Dynamic tolls on highways the fairest of them all

Tolls used to keep traffic moving are also the most fair to low income residents.

It turns out that the best way to keep traffic moving on busy highways is also the most fair.

Under what is known as dynamic tolling, as the demand for driving on a highway increases, the toll increases. When demand is low – late in the evenings or early in the morning, for example – the price falls. Dynamic tolling systems already in place offer a simple promise: no more traffic jams. They also provide a source of revenue to operate and build highways and allow governments to lower taxes for both individuals and business as they avoid the need to add more lanes.

That’s in sharp contrast to cities like Toronto where the price of using a highway at any given time is free (barring the 407) – which ensures that a market that matches demand for road space with supply fails to materialize. Such a system encourages an inefficient use of roads and leads to calls for an expansion of congested highways.

In contrast, dynamic tolling projects across the U.S. have been successful in both reducing congestion and increasing throughput. They’ve also produced positive environmental side effects and eased the need for more roads.

Yet, this model has had many critics crying foul, saying that such a price would produce “Lexus Lanes.” The rich could buy themselves out of traffic jams, while everyone else is left worse off, critics contend.

But research suggests that isn’t the case.

Two researchers in California found that a dynamically priced highway in Orange County, rather than a highway financed through an increased sales tax, saved low income residents money while also shifting the cost of the highway onto its heaviest users.

The researchers found that if the $34 million in revenue that was raised from dynamic tolls on the State Route 91 highway in California was instead raised through sales taxes, the lowest income group – who paid very little in tolls – would be paying $3 million for a highway system they used far less, if at all, than their middle and high income counterparts.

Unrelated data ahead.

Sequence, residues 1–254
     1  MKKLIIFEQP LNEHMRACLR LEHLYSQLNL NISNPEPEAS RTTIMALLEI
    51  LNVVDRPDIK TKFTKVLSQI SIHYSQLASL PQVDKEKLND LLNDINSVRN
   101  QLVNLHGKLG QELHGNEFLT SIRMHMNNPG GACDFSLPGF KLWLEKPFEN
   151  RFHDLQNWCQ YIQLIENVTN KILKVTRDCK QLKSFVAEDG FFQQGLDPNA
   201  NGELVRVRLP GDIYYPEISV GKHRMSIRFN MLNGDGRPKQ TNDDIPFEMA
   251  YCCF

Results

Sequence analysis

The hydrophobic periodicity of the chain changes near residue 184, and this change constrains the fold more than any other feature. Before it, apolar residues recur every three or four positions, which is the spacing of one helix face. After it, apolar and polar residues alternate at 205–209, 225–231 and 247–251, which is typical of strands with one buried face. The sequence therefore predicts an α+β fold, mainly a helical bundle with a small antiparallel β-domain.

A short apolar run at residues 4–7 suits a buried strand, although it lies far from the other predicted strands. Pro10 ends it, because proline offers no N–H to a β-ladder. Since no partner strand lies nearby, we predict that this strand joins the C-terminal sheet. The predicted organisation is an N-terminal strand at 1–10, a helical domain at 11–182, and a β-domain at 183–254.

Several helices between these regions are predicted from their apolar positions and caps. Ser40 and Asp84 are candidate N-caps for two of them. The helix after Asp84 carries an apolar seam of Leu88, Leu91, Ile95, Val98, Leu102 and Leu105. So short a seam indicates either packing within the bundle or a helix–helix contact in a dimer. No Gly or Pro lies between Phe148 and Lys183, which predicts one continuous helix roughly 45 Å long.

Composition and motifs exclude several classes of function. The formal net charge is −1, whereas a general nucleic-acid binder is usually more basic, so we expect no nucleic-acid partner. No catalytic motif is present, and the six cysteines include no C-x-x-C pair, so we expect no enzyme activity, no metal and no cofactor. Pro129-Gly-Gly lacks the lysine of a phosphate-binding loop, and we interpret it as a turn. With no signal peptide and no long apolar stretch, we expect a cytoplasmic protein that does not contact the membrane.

“From a regional planning perspective, funding freeway capacity with the sales tax is a pro-auto/pro-driving policy that taxes all residents, the rich and (disproportionately) the poor, to provide benefits to a smaller group of drivers and their passengers,” the authors conclude.

Critics of dynamic tolls who say the price of a highway should be free and financed through sales and other taxes have it all wrong, according to the researchers.

The researchers add that rather than pricing a highway “well below its marginal social costs because tolls might burden impoverished drivers,” policymakers should instead find other ways to directly help those families who need it most. Distorting the cost of using a highway for all drivers creates congestion. It also results in higher taxes, which are more of a burden on low income households.

Dynamic toll lanes are also popular with the public. A landmark U.S. study on dynamic toll lanes across the country found that while the public was often sceptical at first, the new toll lanes were generally welcomed once the projects were underway. Recent data from a dynamic toll road in Florida, for example, has been so popular with drivers that the price to use it has repeatedly hit a politically-imposed cap.

In short, dynamic tolls can save lower income residents money, ease traffic congestion and help to avoid building expensive new highways, all the while remaining popular with the public. The question is: what are we waiting for?

Brady Yauch is an economist and Executive Director of the Consumer Policy Institute (CPI). You can reach Brady by email at: bradyyauch (at) consumerpolicyinstitute.org 

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